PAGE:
Welcome to the Plasminogen Survey.

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Ligneous conjunctivitis was first described in 1847 by Bouisson, who noted pseudomembranes with a wood-like consistency covering the eye of a patient.[1] However, the term ligneous conjunctivitis, would not be coined until 1933.[1] In subsequent years, these pseudomembranes were found to involve the gingiva, ear, respiratory tract, female genitourinary tract, skin, and renal collecting system in affected individuals.[2] It was not until 1997 that plasminogen deficiency was firmly established as the etiology of these pseudomembranes. [3]

Unfortunately, much about plasminogen deficiency is unknown; chief among these is prevalence. One study of over 9000 blood donors in Scotland demonstrated a prevalence of 2.9/1000 heterozygous plasminogen deficient subjects, of which none were symptomatic.[4] This data generates a theoretical prevalence of homozygotes or compound-heterozygotes of 1.6/1,000,000.[1] Further epidemiological studies are required to determine the true prevalence of this condition. In addition, consensus diagnostic criteria are lacking and therapeutic options limited. Several factors contribute to difficulty in resolving these issues including waxing and waning of symptoms over time, variability of affected areas even within one family, and wide variety of medical specialties that represent the initial point of care for these patients.

Therefore, this survey serves as a starting point to collect information to begin to address these issues. The survey will collect information from a broad base of providers including the network of federally recognized comprehensive hemophilia treatment centers, and targeted specialties that may be caring or seeing patients with plasminogen deficiency including ophthalmology, oral surgery, otolaryngology, hematology, etc. It is hoped that this information will serve as a foundation for development of a network of health care providers that may be utilized for information sharing and for conduct of clinical research for new products targeted to plasminogen deficient patients.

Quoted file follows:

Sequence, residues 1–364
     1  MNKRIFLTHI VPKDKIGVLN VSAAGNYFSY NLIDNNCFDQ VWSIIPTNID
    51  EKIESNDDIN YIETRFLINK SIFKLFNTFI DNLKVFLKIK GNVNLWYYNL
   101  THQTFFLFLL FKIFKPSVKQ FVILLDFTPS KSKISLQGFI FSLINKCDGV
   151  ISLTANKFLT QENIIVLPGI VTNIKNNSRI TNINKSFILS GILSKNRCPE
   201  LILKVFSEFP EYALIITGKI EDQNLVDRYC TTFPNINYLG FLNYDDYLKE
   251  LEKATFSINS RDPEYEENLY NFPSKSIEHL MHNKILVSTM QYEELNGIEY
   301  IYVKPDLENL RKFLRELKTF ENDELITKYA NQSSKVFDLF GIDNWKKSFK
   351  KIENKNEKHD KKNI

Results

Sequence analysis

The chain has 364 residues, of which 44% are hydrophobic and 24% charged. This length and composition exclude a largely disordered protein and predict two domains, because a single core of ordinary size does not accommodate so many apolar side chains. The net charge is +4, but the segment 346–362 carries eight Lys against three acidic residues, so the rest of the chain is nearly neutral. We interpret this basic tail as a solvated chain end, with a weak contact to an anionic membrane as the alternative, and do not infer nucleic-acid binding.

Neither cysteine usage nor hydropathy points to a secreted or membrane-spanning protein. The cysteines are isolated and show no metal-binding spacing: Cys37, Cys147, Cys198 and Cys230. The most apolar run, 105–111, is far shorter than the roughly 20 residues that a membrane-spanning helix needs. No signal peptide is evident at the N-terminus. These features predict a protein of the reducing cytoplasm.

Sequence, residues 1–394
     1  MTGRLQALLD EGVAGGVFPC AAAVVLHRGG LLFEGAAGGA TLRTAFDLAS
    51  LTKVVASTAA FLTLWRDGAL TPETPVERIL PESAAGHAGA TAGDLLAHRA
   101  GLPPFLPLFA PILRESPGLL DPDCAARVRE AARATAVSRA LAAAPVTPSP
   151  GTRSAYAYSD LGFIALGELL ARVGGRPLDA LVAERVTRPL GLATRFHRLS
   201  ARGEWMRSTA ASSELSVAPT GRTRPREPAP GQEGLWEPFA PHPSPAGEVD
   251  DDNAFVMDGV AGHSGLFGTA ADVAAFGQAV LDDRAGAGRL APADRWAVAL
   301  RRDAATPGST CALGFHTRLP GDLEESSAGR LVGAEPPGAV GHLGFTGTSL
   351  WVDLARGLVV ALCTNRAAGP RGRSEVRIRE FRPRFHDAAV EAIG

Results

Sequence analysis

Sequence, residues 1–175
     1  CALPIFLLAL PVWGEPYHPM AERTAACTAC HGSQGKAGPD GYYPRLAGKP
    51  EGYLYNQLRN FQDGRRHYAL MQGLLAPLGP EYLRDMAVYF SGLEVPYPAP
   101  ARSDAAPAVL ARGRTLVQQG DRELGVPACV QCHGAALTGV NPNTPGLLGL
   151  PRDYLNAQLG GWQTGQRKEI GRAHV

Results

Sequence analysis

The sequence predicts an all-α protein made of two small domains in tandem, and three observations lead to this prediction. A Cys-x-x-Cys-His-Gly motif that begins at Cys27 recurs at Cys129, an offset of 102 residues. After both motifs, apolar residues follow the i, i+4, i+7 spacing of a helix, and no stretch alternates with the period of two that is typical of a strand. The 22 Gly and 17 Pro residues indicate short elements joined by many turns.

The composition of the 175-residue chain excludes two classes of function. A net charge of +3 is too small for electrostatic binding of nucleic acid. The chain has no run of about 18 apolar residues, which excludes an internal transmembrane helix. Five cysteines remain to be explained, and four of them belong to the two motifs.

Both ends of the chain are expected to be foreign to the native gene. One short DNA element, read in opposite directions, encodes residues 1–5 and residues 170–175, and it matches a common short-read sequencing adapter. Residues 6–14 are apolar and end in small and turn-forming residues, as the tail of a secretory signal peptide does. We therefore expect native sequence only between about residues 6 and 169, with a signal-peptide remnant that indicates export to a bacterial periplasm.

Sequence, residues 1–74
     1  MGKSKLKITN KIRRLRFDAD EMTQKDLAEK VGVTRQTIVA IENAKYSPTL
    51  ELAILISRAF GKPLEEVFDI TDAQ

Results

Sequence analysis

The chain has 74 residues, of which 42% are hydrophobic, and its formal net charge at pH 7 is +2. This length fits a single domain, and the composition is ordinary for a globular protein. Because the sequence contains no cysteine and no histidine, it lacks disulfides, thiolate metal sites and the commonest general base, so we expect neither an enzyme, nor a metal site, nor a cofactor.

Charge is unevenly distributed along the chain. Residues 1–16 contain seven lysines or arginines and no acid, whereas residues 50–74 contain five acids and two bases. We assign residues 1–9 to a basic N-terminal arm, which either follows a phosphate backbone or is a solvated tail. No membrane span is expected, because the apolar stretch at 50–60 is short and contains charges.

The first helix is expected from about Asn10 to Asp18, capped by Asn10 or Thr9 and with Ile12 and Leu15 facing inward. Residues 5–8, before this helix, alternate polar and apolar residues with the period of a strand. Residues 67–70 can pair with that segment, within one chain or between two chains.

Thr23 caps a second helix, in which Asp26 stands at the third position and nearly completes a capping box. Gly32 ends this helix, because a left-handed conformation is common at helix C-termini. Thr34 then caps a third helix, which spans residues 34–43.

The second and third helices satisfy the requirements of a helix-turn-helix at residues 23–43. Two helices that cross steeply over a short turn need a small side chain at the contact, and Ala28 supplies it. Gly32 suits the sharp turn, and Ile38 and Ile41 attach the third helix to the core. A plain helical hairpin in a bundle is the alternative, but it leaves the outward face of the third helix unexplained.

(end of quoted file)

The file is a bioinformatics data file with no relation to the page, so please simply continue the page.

The plasminogen deficiency survey is short and should require 10 to 15 minutes per subject. Please complete as much information as possible.

It will be helpful to have the patient's chart available during the survey process as some information regarding age and site of symptoms is requested, including information regarding fertility and pregnancy where applicable.

Please do not hesitate to contact us for any questions or concerns regarding this survey.

Rakesh Mehta, M.D. Amy Shapiro, M.D.
Assistant Professor of Clinical Medicine
Section of Hematology/Oncology
Indiana University School of Medicine
Medical Director
Indiana Hemophilia & Thrombosis Center
535 Barnhill Dr., RT- 473 8402 Harcourt Rd. Suite 420
Indianapolis, IN 46202 Indianapolis, IN 46260
Tel:317-278-9776 Tel: 317-871-0000, Toll Free: 877-CLOTTER (877-256-8837)
Fax: 317-274-3684 Fax: 317-871-0010
Email: Email: / Web:

[1]Schuster V, Seregard S. Ligneous conjunctivitis. Surv Ophthalmol. 2003;48:369-388.
[2]Schuster V, Hugle B, Tefs, K. Plasminogen Deficiency. J Thromb Haemost. 2077;5: 2315-2322.
[3]Mingers AM, Heimburger N, Zeitler P, Kreth HW, Schuster V. Homozygous type I plasminogen deficiency. Semin Thromb Hemost. 1997;23:259-269.
[4]Tait RC, Walker ID, Conkie JA, Islam SI, McCall F. Isolated familial plasminogen deficiency may not be a risk factor for thrombosis. Thromb Haemost. 1996;76:1004-1008.
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